~ A New Specification Deactivated German Gewehr 88/05 rifle by Amberg ~
The receiver is stamp ‘5930 S’, ‘8382 e’ and crown above ‘BNP’ on the left side.
The top of the receiver is stamped ‘S’ (indicating a conversion to take the 7.92x57mm Mauser 1905 pattern cartridge) and crown above ‘AMBERG 1890’.
The left side of the breach is named ‘Gew88’.
The bolt is a Turkish replacement and is stamped with serial ‘035’ or ‘35’ on each of its components along with the Turkish national symbol, the star and half moon. Probably after it was retired from the German service the piece was exported to Turkey.
The trigger guard and the magazine are stamped with serial ‘8382 e’ and German imperial proof marks.
Unfortunately the deactivation certificate was lost.
It can be cocked and dry fired.
~ Dimensions ~
The barrel length is 28 inches (71 cm) and the overall length of the rifle is 49 inches (124.5 cm).
The rifle weighs 3.5 kg.
~ Condition ~
The overall condition of the rifle is very food. An excellent deactivated piece.
There is some pitting around the breech area, but nothing to serious.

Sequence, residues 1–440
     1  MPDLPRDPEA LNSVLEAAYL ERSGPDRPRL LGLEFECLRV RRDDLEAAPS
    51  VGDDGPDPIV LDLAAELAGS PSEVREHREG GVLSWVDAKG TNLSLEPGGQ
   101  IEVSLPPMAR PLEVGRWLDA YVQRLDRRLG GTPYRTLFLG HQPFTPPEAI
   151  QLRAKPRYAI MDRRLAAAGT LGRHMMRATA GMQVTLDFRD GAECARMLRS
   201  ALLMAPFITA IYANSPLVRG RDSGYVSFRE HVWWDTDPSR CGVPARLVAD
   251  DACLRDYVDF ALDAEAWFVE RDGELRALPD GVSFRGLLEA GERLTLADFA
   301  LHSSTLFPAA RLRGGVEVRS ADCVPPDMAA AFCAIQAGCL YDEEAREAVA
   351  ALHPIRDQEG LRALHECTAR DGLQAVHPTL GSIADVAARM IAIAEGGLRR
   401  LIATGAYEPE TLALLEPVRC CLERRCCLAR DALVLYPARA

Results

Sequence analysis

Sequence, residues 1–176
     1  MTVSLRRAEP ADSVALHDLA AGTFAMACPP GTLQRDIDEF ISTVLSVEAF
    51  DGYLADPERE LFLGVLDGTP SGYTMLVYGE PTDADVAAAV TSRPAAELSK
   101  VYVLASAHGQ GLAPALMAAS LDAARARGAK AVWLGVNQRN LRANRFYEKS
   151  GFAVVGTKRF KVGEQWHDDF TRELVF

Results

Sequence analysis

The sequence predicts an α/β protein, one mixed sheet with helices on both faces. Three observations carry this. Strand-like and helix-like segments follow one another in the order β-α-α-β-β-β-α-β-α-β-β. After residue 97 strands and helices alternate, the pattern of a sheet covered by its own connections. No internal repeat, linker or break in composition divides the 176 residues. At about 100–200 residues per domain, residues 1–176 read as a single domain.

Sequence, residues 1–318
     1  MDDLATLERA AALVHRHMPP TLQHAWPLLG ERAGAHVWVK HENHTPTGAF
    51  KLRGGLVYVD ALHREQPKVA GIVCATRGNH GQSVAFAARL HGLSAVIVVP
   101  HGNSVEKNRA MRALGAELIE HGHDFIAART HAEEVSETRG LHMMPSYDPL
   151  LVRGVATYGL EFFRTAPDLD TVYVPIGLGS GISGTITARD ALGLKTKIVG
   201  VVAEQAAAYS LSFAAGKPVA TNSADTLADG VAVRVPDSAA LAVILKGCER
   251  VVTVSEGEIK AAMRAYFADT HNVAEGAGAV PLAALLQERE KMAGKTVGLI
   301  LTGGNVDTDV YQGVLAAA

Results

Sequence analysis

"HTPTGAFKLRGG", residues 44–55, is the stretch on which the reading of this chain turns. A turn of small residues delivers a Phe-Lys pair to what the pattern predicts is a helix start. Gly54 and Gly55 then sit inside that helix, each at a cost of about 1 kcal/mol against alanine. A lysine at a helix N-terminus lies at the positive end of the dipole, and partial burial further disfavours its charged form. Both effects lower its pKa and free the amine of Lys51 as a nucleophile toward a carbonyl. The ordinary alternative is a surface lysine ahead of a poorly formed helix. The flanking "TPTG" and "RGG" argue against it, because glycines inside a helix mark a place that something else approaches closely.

The metalwork is rust free.
The woodwork is excellent with minor surface wear.
~ Postage ~
Postage is £20 or the rifle can be picked up from our shop in Portsmouth Historic Dockyard.
~ The Gewer 88 Rifle ~
The Gewehr 88 (commonly called the Model 1888 commission rifle) was a late 19th-century German bolt action rifle, adopted in 1888.
The invention of smokeless powder in the late 19th century immediately rendered all of the large-bore black powder rifles then in use obsolete. To keep pace with the French (who had adopted smokeless powder "small bore" ammunition for their Lebel Model 1886 rifle) the Germans adopted the Gewehr 88 using its own new M/88 cartridge, which was also designed by the German Rifle Commission.The rifle was one of many weapons in the arms race between the Germanic states and France, and with Europe in general. There were also two carbine versions, the Karabiner 88 for mounted troops and the Gewehr 91 for artillery. Later models provided for loading with stripper clips (Gewehr 88/05 and Gewehr 88/14) and would go on to serve in World War I to a limited degree. Unlike many of the rifles before and after, it was not developed by Mauser but the arms commission, and Mauser was one of the few major arms manufacturers in Germany that did not produce Gewehr 88s